Fighting, Fast Food and Video Games, Plus More Bad Things That Are Good For Your Kids

by Charlotte Hilton Andersen, REDBOOK

Kidnapping. Illness. Grades. Drugs. Bieber fever. As parents, we worry about a lot of things. Some are practical; every parent wants their kid to do well in school. Others are more fear based; your child has a much greater risk of being in a car accident than being kidnapped. To help ease your load, we've found 5 bad things that are actually good for your kids. So go ahead and let them break out the Wii and Twinkies and thanks to science, you can ditch the mommy guilt this time around!

1. Video Games
Widely panned as brain drains and time wasters, video games may have gotten an unfair rap. A recent study shows that girl gamers are "mentally stronger, were more well-behaved and felt a better connection with their families." The effect translates to boys too, surprisingly even when it comes to those violent games they love so much. Studies from Harvard and the European parliament show that "video games can stimulate learning of facts and skills such as strategic thinking, creativity, cooperation and innovative thinking, which are important skills in the information society."

Related: 7 Secrets of Low-Stress Families

2. Boredom
Don't feel bad that you didn't sign your child up for every day camp and learning enrichment activity this summer. According to Dr. Rally of Edge Hill University in England, his research shows that in kids left to their own devices "boredom can actually stimulate the imagination, and motivate creativity. It also helps develop positive behaviour patterns, cultivating patience and appreciation." One more reason to put away that iPad?

Related: iPads at Restaurants, DVDs in the Car, Aren't Kids Ever Allowed to Be Bored?

3. Junk Food
While no one is going to tell you it's okay to feed your kiddos a steady diet of all things beginning with Mc-, a little treat here and there leads to a more stable weight in normal weight children and better weight loss for overweight children held to very restrictive diets. The reason? Kids don't like restrictive diets (my research says grown-ups don't like them either). To avoid bingeing behaviors, teach your child that while we eat healthy food most of the time, it isn't a failure to have a treat once in a while.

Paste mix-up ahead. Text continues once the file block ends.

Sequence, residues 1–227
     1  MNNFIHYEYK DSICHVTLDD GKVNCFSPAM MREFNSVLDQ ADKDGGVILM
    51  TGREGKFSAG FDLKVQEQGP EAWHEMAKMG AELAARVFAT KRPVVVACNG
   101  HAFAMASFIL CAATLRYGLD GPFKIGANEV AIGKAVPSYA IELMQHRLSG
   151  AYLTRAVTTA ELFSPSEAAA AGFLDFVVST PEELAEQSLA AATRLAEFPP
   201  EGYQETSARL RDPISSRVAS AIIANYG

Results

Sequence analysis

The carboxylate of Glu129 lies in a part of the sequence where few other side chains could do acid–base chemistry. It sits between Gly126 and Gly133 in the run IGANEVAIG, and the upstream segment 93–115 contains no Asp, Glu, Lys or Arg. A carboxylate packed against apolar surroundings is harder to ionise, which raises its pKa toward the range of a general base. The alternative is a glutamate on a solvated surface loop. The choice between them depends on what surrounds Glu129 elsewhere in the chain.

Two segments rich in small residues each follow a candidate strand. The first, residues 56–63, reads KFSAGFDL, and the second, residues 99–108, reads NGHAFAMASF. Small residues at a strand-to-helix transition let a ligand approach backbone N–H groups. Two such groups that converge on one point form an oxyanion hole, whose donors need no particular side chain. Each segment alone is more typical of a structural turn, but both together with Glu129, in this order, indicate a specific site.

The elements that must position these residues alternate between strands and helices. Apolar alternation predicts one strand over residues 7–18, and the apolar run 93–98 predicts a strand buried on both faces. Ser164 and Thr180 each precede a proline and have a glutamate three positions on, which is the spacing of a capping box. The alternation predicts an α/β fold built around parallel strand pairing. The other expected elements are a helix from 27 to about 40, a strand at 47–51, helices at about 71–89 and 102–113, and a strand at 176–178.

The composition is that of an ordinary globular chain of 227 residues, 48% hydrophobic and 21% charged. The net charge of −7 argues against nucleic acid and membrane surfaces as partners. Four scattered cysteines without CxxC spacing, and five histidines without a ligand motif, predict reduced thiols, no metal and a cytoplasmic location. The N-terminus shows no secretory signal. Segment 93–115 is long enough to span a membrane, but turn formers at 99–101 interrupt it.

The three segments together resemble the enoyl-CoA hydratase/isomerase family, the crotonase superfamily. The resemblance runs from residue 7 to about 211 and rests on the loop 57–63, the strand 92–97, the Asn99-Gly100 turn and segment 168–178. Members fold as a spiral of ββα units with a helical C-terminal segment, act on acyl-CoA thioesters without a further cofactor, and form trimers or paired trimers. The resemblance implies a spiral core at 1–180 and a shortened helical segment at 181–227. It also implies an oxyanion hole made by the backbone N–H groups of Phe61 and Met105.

Related: The Best Mom Moments of All Time

4. Watching TV
We've all fallen prey to the lure of the electronic babysitter but now, thanks to a number of new research studies, you don't have to feel as guilty about it. While the myriad bad effects of too much television are well publicized, research shows that kids who watch educational TV shows "do better on reading and math tests", "have higher grades, are less aggressive and value their studies more when they reach high school" and even "experience a soothing, painkilling effect." See that? PBS Kids is better than cherry Tylenol and safer for your couch too!

Related: Read 7 Hilarious Tantrum Tales Here

5. Fighting
With three boys and one feisty girl in my house, it's pretty much WWF up in here all the time. I could spend half my day breaking up fights or, according to research, I could let them work it out themselves and give them greater benefits than a band-aid. Carol Stock Kranowitz, M.A. says that roughhousing develops gross motor skills and has neurological, physical and emotional benefits that kids can't learn any other way. In addition Kids who roughhouse with siblings and parents grow up to be more socially competent and empathetic adults.

Charlotte Hilton Andersen is the author of the new book The Great Fitness Experiment: One Year of Trying Everything

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Reprinted with permission of Hearst Communications, Inc.